Steve Guest is managing director of Techconsult UK, a recruitment consultancy based in Redcar at the heart of industrial Teesside which specialises in finding candidates for key roles in science and industry. Here he comments on the impact of the UK’s vote to leave the European Union.
“It is no surprise to me that the vote to leave the European Union is having a direct impact on recruitment as we enter into a challenging period for businesses the length and breadth of Britain. Data from The Recruitment & Employment Confederation (REC) highlighted a slowdown in hiring as we approached the Referendum, and the organisation has predicted that this period of uncertainly will continue.
“As a company operating in the fields of science and industry, with a client base that comprises many firms who have international operations including within Europe, we are certainly experiencing the impact of this uncertainty first-hand.
“We have already seen several clients who had engaged us as recruitment partners to postpone the process as they wait to see what unravels over the coming months. One European headquartered company which was set to open a registered office in the North West has shelved the move for the time being, so the domino effect means that the work we have put into identifying a suitable branch manager has been in vain. Other companies, not necessarily with a direct link into Europe, are also exercising caution amidst financial uncertainly. On the flipside, we’ve also seen a European candidate reject an offer from a client at the eleventh hour as they were unsure about how Brexit will impact on their personal circumstances and ability to live and work in the UK.
“It is important to point out that it is by no means unknown for clients, or candidates for that matter, to make a U-turn when it comes to recruitment. People are the biggest investment for any business; circumstances can change and businesses sometimes need to readdress their needs, however it is clear that there is a direct correlation between the events of 24 June and the trends we’re experiencing.
“This is only a glimpse of what we’ve witnessed already within our own business, which is a worrying snapshot if you consider what is happening in all corners of the UK in the midst of this period of renegotiation and readjustment.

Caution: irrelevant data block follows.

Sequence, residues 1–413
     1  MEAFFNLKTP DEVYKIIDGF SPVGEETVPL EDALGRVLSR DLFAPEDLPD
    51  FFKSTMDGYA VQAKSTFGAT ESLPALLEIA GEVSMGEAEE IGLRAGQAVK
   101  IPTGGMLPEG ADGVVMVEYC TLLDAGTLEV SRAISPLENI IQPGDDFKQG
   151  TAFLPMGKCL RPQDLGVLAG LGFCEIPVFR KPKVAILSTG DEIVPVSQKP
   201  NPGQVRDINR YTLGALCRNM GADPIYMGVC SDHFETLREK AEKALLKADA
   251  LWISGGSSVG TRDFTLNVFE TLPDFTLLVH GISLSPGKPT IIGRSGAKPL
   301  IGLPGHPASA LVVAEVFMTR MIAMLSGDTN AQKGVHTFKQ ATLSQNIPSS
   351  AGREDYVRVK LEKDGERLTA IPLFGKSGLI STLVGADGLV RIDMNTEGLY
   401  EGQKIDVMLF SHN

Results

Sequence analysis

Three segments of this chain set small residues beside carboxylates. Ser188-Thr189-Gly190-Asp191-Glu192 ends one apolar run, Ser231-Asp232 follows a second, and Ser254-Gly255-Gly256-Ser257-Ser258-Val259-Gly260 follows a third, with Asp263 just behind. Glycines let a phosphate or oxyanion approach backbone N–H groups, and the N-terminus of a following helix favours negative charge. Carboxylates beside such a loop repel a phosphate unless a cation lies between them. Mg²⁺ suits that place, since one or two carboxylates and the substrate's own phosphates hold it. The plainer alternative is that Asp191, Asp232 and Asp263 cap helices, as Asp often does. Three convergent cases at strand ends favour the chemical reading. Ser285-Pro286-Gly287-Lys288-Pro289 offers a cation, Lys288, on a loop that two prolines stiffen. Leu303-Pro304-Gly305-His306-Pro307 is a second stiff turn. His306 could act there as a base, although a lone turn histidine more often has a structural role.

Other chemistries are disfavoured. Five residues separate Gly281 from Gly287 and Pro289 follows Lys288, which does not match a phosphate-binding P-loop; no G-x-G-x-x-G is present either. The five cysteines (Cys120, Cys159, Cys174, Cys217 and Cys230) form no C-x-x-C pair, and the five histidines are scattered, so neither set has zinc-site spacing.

“Kevin Green, chief executive of the REC has asked for the government to do everything possible to help businesses grown and create jobs and I would strongly echo this call. It’s absolutely crucial for policy-makers to set out a timetable for the period of renegotiation with European Parliament to provide clarity for businesses, enabling them to make informed strategic decisions.
“In addition to the cloud of economic uncertainty that Brexit has cast, there are other considerations for the sector such as questions around whether government will make any significant changes to employment law once there is an agreement on when we will leave the EU. A number of employment issues are likely to be affected when we do, however I would hope that this impact is minimal. Much UK employment law exists regardless of EU membership and the UK might remain bound by some European employment laws in the interests of trade agreements. Once again however it is the uncertainly that could stall progress. Mr Green has called on policy-makers to set out the plan for implementing changes to employment regulations such as the Agency Workers Directive and the Working Time Directive and I would urge the government to provide clarity in these areas as soon as possible.
“The impact of the vote was bound to cause some initial uncertainty and instability, however I’m confident that this will settle down once there is some clarity and hope that this will curb any long-term impact. Once again I echo Mr Green’s thoughts and hope that the Referendum results lead to a step-change in the way we prepare current and future jobseekers in the UK, so that new entrants to the jobs market are better equipped with the skills and attitude that employers need. Now more than ever government, working closely with business and academia must seize the initiative and create a pipeline of talent so that individuals and businesses continue to flourish in a post-EU era.”